Enter the school counselor.  We can help students and families make "savvy" and informed choices about their post-secondary options, and part of those conversations needs to be about the benefits of local community colleges.  With only an estimated 60% of first-year college students returning to the same school for their sophomore year, it is vital that we work to change our community's views about local two-year schools as an option.  Community colleges are not just a place where the students who cannot get into a better school end up.  Our school counseling team stresses the following reasons to consider a community college to all of our students and families:
  • It can cost a lot less.  Even if a student is four-year bound, the financial cost of attending a community college for two years and then transferring to a four-year college is going to be significantly less than doing all four years at a traditional university, public or private.  For those families and students who are worried about future student loan debt (a very real concern right now) or about the strain of having to work full-time (as a student) or two or three jobs (as a parent) to be able to afford a four-year school, community college may be a strong choice at which to begin their college career.  Every year I have students with academic profiles that would gain acceptance to good four-year universities who choose to do community college for two years in order to save money on their education.
  • Some students are not yet ready to leave home.  Parents, for the most part, know their kids pretty well.  If you as a school counselor and they as a parent have worked just as hard to get a student through high school as the student themselves, then they may not yet be ready to leave home with all of that extra support and go away to a four-year school.  If this is a student who continuously gets into minor trouble (cheating, fights, excessive partying, smaller community issues) then they may not yet be ready for the freedom of life at college.  Some kids simply need another year or two of maturity and growing up in order to gain the skills necessary to manage both their academic and personal lives in a way that will give them a much stronger chance of success.  Better to go to community college for a few years than go away to school, spend $10,000, and then be kicked out at the end of the year for academic or social reasons.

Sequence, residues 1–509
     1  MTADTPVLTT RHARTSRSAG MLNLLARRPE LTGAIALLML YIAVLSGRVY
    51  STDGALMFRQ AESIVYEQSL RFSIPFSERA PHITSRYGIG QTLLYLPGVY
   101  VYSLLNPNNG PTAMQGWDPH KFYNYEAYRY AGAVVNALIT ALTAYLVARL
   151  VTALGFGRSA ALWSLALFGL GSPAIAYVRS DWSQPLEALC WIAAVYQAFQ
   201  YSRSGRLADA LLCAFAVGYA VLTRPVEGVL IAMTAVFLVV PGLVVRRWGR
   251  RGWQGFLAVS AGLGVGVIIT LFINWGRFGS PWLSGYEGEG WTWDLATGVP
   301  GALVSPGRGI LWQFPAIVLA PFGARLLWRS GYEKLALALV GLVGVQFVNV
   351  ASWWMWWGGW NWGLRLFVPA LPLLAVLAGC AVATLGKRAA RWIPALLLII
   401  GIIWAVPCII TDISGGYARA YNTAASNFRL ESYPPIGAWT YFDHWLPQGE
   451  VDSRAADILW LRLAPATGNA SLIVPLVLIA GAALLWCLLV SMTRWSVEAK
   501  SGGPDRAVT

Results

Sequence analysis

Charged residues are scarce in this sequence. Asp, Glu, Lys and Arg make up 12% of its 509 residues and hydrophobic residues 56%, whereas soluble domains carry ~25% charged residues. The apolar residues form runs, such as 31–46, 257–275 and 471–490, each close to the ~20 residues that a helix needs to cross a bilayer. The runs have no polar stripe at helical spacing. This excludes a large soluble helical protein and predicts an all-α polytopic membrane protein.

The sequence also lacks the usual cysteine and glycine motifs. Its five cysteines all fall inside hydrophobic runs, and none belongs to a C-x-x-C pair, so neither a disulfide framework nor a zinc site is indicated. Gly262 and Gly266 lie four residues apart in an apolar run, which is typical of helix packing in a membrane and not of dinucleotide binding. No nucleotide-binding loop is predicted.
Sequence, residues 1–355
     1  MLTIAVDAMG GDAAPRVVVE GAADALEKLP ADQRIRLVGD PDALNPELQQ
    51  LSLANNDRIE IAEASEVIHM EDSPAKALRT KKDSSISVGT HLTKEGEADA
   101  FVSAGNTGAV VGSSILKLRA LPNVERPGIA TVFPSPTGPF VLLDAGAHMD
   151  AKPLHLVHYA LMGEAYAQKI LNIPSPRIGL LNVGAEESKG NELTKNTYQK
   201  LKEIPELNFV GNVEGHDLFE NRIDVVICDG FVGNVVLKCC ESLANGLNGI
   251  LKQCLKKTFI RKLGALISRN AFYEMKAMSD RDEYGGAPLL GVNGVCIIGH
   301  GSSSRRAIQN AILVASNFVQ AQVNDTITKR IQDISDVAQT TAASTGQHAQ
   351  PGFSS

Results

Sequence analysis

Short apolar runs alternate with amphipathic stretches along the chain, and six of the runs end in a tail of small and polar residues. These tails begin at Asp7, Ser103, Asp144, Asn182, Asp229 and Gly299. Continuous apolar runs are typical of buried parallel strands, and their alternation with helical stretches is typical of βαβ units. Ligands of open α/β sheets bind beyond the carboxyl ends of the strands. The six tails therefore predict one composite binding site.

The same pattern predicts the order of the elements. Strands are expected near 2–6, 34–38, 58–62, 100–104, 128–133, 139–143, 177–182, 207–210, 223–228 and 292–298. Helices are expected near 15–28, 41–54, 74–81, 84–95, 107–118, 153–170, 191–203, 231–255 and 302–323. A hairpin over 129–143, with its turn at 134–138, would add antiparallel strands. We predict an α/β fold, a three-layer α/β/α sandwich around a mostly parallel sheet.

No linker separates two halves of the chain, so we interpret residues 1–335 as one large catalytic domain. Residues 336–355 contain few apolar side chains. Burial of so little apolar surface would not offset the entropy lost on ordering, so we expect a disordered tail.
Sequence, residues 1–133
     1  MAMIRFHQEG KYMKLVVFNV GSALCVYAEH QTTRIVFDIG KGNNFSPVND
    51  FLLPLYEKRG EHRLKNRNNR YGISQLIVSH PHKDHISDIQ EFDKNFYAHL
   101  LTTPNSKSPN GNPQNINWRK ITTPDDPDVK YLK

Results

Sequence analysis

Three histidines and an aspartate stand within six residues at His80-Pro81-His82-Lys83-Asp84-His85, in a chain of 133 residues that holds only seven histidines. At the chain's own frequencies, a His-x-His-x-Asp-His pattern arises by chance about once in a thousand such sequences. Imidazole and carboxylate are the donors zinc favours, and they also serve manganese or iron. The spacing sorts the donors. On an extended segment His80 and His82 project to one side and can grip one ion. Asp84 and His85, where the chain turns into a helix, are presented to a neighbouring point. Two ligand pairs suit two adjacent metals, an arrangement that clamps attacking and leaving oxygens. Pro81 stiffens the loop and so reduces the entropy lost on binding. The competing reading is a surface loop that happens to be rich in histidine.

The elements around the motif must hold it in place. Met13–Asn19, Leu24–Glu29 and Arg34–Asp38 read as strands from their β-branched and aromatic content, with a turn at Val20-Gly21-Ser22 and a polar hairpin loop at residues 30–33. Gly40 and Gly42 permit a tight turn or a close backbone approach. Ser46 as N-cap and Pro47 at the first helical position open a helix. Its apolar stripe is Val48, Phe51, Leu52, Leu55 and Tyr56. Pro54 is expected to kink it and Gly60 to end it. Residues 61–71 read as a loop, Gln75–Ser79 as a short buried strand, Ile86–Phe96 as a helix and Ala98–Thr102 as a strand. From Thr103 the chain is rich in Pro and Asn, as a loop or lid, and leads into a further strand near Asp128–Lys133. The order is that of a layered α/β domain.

• Students need to build up their academic profile.  We all have those students who figure some things out closer to the end of their high-school career than at the beginning.  They have come to realize late that their grades and the classes they take really do matter.  Community college allows them to start with a clean slate and to build up their academic credentials so that after a year or two they can transfer into a four year school, having proven that they are ready to take on college-level coursework.
  • Four-year college is not for everyone, nor may it be necessary.  As mentioned before, there are many occupations for which a certificate or a two-year degree may be all that is required before a student can move into a good paying job or begin a career.  Not every student is going to be ready, at least at this time in their life, to do a Bachelor's degree.  However, they do need to get some kind of post-secondary training, whether it is in auto technology, cosmetology, computers and information technology, or dental assisting so that they are then ready to go out into the world with some marketable skills.  I always tell students and families that this doesn't mean that they will never get a four-year degree--it just may be that this is not the right time for them in their lives and they can always go back later.